Q&A: Susan Conley on 'Paris Was the Place'

Poet Gertrude Stein declared that Paris was the place where the avant garde artistic movement — of which she was an integral part — was born. Using Stein’s declaration as a muse, Susan Conley’s heartfelt Paris Was the Place (Knopf) taps into the all the glamour and intrigue of the City of Light while also focusing in on the lives of those who — legally and emotionally — don’t actually belong.

The novel’s sensitive and oft-impulsive protagonist, Willie Pears, follows her older brother everywhere, and when Luke settles in Paris, Willie, naturally, follows suit. She goes about making Paris her home, but she is constantly hounded by her past. Tormented by the recent death of her mother and the absence of her father, Willie redoubles her affection for her brother and clings to her relationship with her close friend and fellow ex-pat Sara. Willie is also anxious about the uncertain future, as she falls deeply in love with an alluring French lawyer, Macon, and forges deep connections with several immigrant teenage girls at the local detention center, where she had recently begun to teach. Through it all, Willie finds comfort in words —specifically, the language of poetry — as she struggles with the all-too-real complications of everyday life.

Conley reflects on her novel with Bustle, adding layers — and even a little more beauty — to the masterfully-rendered portrait of Paris and her characters. Read after, well, reading.

BUSTLE: You describe Paris in such intricate detail. What specifically appeals to you about the city? Why did you choose it as the setting for your novel?

SUSAN CONLEY: I lived there in the late ‘80s and I wanted to capture the thrill of being a foreigner in a city that is always looking over its shoulder at the past — a city that’s been home to so many different foreigners, but doesn’t always make for an easy home for them. And I wanted to try to make Paris come alive in all its beauty on the page — its delicious food and ornate bridges, its cobblestone alleyways and music — so that the city lived in the novel like a whole other character.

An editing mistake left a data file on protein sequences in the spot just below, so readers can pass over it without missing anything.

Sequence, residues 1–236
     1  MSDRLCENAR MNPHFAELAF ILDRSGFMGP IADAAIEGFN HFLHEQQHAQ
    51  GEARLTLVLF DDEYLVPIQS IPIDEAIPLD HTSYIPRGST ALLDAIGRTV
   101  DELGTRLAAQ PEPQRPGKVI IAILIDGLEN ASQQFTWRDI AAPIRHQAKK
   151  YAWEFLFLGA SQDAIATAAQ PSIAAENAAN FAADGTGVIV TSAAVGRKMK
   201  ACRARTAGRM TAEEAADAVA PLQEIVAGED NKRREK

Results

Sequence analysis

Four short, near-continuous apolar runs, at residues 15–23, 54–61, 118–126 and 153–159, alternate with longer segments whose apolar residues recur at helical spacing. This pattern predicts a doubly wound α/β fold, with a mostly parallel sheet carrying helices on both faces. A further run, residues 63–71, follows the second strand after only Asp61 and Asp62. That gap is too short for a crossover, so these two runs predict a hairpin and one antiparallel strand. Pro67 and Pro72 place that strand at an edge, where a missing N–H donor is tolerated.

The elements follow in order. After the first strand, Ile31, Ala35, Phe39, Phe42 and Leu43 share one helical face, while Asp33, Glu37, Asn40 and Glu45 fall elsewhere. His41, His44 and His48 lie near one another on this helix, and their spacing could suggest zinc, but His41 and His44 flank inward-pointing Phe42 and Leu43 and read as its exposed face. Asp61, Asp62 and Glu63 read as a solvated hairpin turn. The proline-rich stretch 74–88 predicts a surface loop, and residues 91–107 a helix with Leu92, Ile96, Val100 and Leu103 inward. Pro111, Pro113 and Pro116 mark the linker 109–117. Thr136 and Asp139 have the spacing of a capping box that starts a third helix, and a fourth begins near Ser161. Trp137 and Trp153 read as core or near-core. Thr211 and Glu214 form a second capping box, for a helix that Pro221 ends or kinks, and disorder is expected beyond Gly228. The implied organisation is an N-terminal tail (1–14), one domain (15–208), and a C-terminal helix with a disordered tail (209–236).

Willie, Luke, Macon, and the girls in the detention center are all French immigrants. How emotionally connected are they to their birthplaces, as opposed to Paris?

Willie and Luke, the brother-sister pair, are American ex-pats who love living in Paris but are always outsiders. Their true home is California and that’s their deepest connection to place. When I lived in Paris, it was rare to find Americans who’d been fully accepted by the Parisians. Sometimes the men and women from away who’d married Parisians were able to slip into the inner world of Paris. But not often. Still, it’s very possible for Willie and Macon to carve out their own lives in the city—their own ex-pat version of Paris. Macon is half-French and Paris has become the place that defines him. He is incredibly tied to Paris and to his work there.

The girls at the detention center are longing for their birthplaces, in far-flung villages and cities all over the world. But they have to bury this longing to try to hang on emotionally during the long legal process that’s involved with trying to become a legal foreigner in France. Paris means very little to the girls. Paris is just a place they’ve landed where people speak French and the trains run on time.

In the novel, you explore love of all shapes and sizes — parental love, sibling love, romantic love, love for the as-of-yet unborn and love for those who have already passed. To what extent is Willie defined by her relationships with the people in her life — past and present?

Willie gets to experience a big, sweeping, knock-you-off-your-feet kind of love in this novel. Much of the book is about how and if she can allow herself to love like that — to fully give herself to Macon and also to the people around her. Throughout the book, she’s turning over her relationships in her mind and beginning to understand how much love (romantic love, sibling love, parental love) needs to be about acceptance. And about forgiveness. She learns this slowly. She learns it the hard way, and because of that, she grows up.